Analysis of SWI/SNF catalytic subunits mutations and drug sensitivity in colorectal cancer.
Session type: Poster / e-Poster / Silent Theatre session
SWI/SNF (SWitch/Sucrose Non-fermentable) are ATP-dependent chromatin remodelling complexes that alter chromatin structure regulating genetic expression and various biological processes within cells. SWI/SNF complex subunits are frequently mutated in a wide range of human cancers (Shain and Pollack, 2013). This project explores the mutational frequencies and drug sensitivities of SWI/SNF complexes in colorectal carcinoma cell lines.(Forbes et al., 2015).
Colorectal cancer cell lines were identified by searching Catalogue of Somatic Mutations in Cancer(COSMIC). Data of co-mutation rates were collected from studies on database sets from John Hopkins University and Cancer Genome Atlas on colorectal cancer. Drug sensitivity for each of the colorectal cancer cell lines was derived from Drug Sensitivity Browser in COSMIC.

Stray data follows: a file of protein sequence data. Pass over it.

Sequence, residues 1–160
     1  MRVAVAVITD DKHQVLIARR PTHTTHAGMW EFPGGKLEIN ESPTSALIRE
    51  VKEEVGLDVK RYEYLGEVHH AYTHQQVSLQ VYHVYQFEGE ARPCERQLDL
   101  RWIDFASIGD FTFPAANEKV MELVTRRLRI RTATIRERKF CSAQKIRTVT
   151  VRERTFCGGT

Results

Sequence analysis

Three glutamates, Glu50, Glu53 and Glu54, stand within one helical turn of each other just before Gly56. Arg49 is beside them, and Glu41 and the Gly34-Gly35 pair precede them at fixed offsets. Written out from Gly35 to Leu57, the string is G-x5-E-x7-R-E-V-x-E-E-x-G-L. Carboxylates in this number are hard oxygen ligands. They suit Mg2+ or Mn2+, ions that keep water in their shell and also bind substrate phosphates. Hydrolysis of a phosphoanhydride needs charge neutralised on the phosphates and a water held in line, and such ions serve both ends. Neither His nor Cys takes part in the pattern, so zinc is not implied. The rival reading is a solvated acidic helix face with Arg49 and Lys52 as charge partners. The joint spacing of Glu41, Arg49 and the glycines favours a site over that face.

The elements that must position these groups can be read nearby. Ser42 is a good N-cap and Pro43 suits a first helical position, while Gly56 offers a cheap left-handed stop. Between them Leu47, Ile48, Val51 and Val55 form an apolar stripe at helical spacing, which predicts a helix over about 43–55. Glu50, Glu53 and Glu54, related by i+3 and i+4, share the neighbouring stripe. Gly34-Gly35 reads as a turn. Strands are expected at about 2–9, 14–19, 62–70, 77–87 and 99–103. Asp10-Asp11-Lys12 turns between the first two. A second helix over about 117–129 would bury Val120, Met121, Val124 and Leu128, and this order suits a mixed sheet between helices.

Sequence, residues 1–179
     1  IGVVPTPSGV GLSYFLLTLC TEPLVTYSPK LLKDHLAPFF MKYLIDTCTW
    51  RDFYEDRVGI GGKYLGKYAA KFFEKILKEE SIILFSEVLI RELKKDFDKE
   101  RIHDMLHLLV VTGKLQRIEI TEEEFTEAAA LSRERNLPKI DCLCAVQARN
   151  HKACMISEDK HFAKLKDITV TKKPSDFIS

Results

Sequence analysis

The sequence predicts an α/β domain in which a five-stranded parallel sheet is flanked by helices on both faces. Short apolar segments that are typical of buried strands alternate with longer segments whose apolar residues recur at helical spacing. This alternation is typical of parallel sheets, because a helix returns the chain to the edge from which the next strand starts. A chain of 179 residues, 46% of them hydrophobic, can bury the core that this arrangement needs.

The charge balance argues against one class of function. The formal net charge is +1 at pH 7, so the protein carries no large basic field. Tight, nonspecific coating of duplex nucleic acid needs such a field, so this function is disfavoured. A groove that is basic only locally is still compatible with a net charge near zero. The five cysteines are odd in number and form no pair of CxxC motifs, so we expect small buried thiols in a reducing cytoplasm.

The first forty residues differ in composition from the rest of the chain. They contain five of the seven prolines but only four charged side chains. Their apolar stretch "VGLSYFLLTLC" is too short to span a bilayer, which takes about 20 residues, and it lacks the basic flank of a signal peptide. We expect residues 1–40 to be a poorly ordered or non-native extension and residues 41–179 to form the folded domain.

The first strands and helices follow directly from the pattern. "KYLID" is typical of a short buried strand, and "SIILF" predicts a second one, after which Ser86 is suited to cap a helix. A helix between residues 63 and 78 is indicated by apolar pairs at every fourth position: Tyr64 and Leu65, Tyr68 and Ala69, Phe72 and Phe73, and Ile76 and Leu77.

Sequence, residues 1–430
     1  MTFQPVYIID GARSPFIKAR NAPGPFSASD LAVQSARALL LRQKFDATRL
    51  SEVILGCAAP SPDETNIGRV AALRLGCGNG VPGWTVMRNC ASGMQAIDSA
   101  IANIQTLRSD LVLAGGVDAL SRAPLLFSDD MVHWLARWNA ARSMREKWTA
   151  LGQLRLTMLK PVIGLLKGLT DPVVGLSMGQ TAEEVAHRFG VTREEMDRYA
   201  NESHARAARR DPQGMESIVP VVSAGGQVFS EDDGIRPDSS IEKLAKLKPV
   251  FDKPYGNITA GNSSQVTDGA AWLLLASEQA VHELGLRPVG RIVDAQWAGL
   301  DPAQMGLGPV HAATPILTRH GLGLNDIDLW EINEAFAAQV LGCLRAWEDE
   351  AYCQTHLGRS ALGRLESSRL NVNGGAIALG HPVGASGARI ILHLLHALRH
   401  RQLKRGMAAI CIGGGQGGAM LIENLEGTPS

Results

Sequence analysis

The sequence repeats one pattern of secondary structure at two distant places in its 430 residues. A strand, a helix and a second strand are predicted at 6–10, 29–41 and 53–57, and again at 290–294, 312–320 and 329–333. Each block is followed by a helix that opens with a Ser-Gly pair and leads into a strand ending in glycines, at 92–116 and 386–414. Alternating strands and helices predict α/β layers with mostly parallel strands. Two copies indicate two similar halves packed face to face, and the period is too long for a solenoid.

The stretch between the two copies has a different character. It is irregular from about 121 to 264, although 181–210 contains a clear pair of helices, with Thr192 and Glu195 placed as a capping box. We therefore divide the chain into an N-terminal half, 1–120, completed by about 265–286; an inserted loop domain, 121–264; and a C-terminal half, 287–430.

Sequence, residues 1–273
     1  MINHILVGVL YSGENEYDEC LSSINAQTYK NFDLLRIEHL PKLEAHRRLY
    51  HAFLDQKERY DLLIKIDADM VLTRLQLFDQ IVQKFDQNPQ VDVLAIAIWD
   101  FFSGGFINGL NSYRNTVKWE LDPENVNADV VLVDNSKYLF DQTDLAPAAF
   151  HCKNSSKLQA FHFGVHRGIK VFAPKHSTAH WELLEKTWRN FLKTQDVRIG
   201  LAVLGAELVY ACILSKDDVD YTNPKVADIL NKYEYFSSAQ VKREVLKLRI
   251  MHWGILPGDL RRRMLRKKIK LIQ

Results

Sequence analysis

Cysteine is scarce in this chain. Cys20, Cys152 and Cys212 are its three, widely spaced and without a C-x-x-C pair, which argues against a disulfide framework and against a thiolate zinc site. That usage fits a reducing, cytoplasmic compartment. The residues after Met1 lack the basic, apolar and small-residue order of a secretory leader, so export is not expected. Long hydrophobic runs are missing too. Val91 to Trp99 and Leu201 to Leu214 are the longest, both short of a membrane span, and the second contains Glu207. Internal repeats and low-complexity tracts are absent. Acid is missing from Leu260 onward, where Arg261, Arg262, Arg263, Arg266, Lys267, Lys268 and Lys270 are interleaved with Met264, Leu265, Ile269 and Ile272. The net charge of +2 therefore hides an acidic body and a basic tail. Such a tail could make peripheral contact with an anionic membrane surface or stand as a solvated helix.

Detailed database search has revealed that approximately 44% of the colorectal cancer cell lines are associated with SWI/SNF mutations with high co-mutation rates in both catalytic subunits (SMARCA2 & SMARCA4). SWI/SNF mutant colorectal cancer cell lines are more sensitive to anticancer therapy compared to non-SWI/SNF mutant cell lines. SNF2-N and Bromodomain are the 2 most highly mutated domains in both catalytic subunits.
The effect of high co-mutation rates in both catalytic subunits on survival of tumour cells is dependent on the functional specificity of SWI/SNF complex and the subsequent impact of its loss in different cell types. Moreover, the increased drug sensitivity of SWI/SNF compared to non-SWI/SNF mutant cell lines, is deduced to be related to the association of SWI/SNF complexes with DNA repair proteins. Inactivating mutations in the remodelling complex would result in the loss of the repair proteins, affecting the efficiency of DNA repair mechanisms making it more sensitive to anticancer therapy. Recent research revealed that SNF2-N and Bromodomain inhibitors are being considered as potential therapeutic targets in the treatment SMARCA4-mutant cancer cells due to their critical role maintaining SWI/SNF function (Vangamudi et al., 2015).